Note that this repository already contains a ".github" directory. If your theme's repository does not have the ".github" directory, then you would have to create one as well.

Create another directory inside .github directory named "workflows". When you create the file, simply press the "/" button on your keyboard, write the directory name and again press "/". Now you can write the file name under it with the name "deploy-theme.yml".

Make sure the file is saved with the following contents:

name: Deploy Theme
      - master
      - main
    runs-on: ubuntu-18.04
      - uses: actions/checkout@master
      - uses: TryGhost/action-deploy-theme@v1.4.1
          api-url: ${{ secrets.GHOST_ADMIN_API_URL }}
          api-key: ${{ secrets.GHOST_ADMIN_API_KEY }}

Step 3: Deploy the Ghost theme via GitHub action

Click on the Actions tab. Under "All workflows", you can click on "Deploy Theme" to view the details of your new ghost theme deployment.

Notice that green check-mark beside "Create deploy-theme.yml"? That means the deployment has been successful! A typical GitHub Action workflow would look like this:

In case you're curious, you can try clicking on the five headers shown above and find out all the details about how the deployment went through.

In case there is a red cross sign instead of a green check-mark as mentioned above, one or more of these five sections must have been affected. Checking their details in that case can really help, if you require diagnosing errors encountered in the future.

As you can see here, all five are checked we can be sure that our deployment went through as expected.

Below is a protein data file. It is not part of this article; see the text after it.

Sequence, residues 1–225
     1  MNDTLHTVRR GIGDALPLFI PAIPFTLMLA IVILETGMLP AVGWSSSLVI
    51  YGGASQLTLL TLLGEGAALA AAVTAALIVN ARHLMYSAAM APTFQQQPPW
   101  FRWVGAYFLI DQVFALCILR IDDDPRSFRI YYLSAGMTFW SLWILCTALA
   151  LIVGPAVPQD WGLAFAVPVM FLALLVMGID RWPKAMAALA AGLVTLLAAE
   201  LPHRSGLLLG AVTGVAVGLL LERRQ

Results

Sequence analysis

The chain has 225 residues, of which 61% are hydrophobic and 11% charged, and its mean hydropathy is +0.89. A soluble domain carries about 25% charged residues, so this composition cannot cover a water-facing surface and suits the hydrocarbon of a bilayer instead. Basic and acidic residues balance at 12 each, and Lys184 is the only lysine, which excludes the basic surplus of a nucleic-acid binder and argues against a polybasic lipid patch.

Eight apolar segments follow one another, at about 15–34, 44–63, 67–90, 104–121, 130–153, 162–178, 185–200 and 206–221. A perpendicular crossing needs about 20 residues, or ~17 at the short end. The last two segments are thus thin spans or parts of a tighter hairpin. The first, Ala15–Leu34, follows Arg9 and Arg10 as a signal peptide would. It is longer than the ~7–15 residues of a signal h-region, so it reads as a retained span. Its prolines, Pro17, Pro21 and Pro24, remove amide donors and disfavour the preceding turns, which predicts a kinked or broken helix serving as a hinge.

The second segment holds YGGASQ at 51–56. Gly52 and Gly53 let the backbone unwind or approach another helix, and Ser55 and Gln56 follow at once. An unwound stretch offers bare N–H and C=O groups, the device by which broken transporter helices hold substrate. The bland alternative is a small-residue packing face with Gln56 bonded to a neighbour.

Step 4: Activate the new theme on the Ghost admin panel

Now head back to your ghost admin panel. Go to Settings -> Design - You will notice that the new theme has been listed under "Installed Themes".

But to start using it, you still need to activate it.

Once activated, the new theme will be active for your blog!

Keep in mind

From this point onward, whatever changes you make on your forked theme repository will be immediately effective on your Ghost blog's theme. You need not upload your theme to your Ghost blog every-time you make changes.

To avoid too many changes being deployed on the fly, you should not make any changes on the master branch directly from the GitHub account.

The standard workflow is to

  • create a development branch
  • pull this branch to your system
  • modify the code
  • commit the changes and push it to the development branch
  • create a merge request to the master branch from development branch

When the pull request is merged to the master branch, it will deploy the modified code to your Ghost blog.

It may seem like a daunting task but trust me, once you have this setup in place, it simplifies Ghost theme deployments. You have the history of the changes made, you can accept or reject changes and it is uploaded automatically to your Ghost instance.

Hoping this helps you manage your Ghost blog more effectively!

Please join the conversation and share any thoughts you might have in the discussion section below.